Laurien: I teach student in Grades 10-12 at a government-aided boarding secondary school. Their ages vary from 15 to 22 and they come from all across the country: from cities, suburbs, and countryside. They all are in scientific studies (STEM), and I teach them English for communication. They have all been sent home.

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Laurien at work

LC: Can you talk a little about the situation for primary-aged students? 

Cleophace: Our government has initiated a media programme of teaching via television and radio called Building Learning Foundations Radio and Television Programme; it is delivered in partnership with UKAid. The subjects that are delivered in this radio and television program are examinable in national examinations from lower primary to advanced secondary. For primary students, the subjects of Kinyarwanda, English and Maths* are delivered. For lower secondly, students can learn English, Physics, Chemistry, Maths and Kinyarwanda. For upper secondary, most of the schools use their websites where they post lessons and assignments. The Ministry of Education has also strengthened the program of e-learning so the students can find different resources to help them keep the ‘mood’ of education and learning. Universities are also using e-learning platforms to keep students connected.

But access to the internet and even to power is still a big problem for many Rwandans, especially in the countryside. Many students don’t have a personal computer or smartphone to even access the internet this is a problem especially for students who are in universities. Fortunately, the Ministry of Education have assured those students who aren’t able to follow either radio or e-learning programs that they will go on from where they stopped when schools start again. Further, to facilitate even those students who cannot easily find internet, smart phones and computer, the Rwanda Education Board has initiated a toll free line of *134# where they find some questions to test their knowledge. So the use of those programmes is to keep their mind sharp and occupied but not to replace the classroom.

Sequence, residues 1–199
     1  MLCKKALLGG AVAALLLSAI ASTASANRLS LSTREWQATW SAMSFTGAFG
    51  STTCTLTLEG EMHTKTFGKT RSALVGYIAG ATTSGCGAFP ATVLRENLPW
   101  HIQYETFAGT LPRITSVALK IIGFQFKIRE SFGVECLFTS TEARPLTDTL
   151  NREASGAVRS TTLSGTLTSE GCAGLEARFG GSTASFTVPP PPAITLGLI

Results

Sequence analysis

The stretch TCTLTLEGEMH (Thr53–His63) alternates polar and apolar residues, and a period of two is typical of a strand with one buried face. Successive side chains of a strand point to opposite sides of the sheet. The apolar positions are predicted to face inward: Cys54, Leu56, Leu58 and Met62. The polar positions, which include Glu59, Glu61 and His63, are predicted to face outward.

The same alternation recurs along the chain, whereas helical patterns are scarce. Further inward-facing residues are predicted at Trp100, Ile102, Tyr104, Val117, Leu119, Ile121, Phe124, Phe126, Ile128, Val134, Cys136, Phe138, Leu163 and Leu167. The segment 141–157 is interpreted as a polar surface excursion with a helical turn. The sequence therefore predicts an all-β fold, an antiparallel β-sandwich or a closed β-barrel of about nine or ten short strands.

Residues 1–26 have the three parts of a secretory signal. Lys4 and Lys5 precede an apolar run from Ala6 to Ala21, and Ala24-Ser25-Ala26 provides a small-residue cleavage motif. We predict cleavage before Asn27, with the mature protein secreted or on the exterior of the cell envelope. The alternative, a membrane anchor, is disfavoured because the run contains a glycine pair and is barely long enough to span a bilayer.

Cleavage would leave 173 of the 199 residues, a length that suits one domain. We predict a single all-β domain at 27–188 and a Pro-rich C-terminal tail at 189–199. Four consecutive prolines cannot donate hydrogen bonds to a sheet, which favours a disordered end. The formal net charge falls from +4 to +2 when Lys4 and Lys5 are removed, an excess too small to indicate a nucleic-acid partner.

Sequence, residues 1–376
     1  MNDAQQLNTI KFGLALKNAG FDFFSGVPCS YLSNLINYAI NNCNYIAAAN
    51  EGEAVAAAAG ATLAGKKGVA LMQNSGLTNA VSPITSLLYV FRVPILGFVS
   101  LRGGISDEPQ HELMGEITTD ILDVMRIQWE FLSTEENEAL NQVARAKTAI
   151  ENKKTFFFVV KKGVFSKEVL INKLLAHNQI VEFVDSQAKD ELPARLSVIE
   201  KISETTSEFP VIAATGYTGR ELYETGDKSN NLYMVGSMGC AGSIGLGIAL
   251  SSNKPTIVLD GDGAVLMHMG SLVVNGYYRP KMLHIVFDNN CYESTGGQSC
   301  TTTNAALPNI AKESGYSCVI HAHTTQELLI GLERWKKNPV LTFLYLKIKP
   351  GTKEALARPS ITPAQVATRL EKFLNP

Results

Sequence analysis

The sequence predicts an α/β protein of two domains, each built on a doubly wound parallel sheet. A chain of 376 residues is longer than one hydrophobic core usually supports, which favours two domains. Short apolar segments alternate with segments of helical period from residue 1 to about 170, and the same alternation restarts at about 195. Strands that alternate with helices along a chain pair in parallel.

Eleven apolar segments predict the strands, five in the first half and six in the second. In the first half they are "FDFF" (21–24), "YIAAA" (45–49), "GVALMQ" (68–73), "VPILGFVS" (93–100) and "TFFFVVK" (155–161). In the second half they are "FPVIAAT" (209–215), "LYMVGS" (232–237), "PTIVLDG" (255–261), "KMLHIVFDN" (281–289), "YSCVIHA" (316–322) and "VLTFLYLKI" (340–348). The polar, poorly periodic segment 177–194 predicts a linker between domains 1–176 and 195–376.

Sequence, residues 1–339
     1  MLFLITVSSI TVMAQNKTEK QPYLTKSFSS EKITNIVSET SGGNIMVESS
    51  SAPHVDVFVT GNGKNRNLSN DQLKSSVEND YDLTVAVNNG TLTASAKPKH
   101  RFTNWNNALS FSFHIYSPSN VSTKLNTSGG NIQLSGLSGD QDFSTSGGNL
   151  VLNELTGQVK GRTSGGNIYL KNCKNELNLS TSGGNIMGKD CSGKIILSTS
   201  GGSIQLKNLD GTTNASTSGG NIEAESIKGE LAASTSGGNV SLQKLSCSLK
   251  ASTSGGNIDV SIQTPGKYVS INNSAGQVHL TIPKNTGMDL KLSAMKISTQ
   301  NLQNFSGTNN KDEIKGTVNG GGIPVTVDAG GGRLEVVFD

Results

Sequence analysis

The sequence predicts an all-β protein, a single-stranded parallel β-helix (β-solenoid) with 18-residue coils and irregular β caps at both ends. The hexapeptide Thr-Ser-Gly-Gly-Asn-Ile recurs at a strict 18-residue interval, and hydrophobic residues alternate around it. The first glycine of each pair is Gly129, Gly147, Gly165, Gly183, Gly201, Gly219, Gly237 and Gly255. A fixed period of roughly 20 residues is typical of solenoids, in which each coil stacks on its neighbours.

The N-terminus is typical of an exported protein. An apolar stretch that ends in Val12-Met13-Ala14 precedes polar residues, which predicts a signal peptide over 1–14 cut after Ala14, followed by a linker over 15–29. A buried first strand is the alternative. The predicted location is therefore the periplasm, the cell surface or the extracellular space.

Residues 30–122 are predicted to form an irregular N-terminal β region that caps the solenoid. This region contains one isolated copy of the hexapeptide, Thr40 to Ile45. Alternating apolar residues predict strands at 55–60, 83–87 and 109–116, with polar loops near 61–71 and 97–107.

LC: Do you think your approach to teaching will change in the future due to this period of lockdown? 

Laurien: When it comes to the approach to teaching English language after COVID-19 period, I absolutely think that I will change somewhat due to the lock down. I will adapt to new approaches because it is the first time in my life (maybe for many people) to experience a global and yet local lockdown, I realised education has a reason to be much more contextualized to the real life situation. There are a lot of things to consider in English language teaching (ELT). For instance, we are likely to be persuaded to integrate technology and to use all available digital devices in ELT because the world is becoming more digitized; many jobs from different domains of life have been saved by working at home during COVID-19 due to the support of the internet. For instance, many schools were forced to shift their schooling activities to e-learning, though it has been tough for many. I believe that everything started like this and there is hope that learning and work will continue to be customized.

Cleophace: With this lockdown period, I have enough time to think and reflect about the content that I will deliver whenever we will go back to school. I am preparing and writing clear and relevant notes for content delivery. This will help me to change my teaching style since notes will be prepared in advance; I will be able to engage students in more hands-on learning. I know I will also need to think about different learning theories and try to individualise my teaching strategies.

LC: Do you think this will influence what English language you teach in the future? More vocabulary about viruses and pandemics, maybe?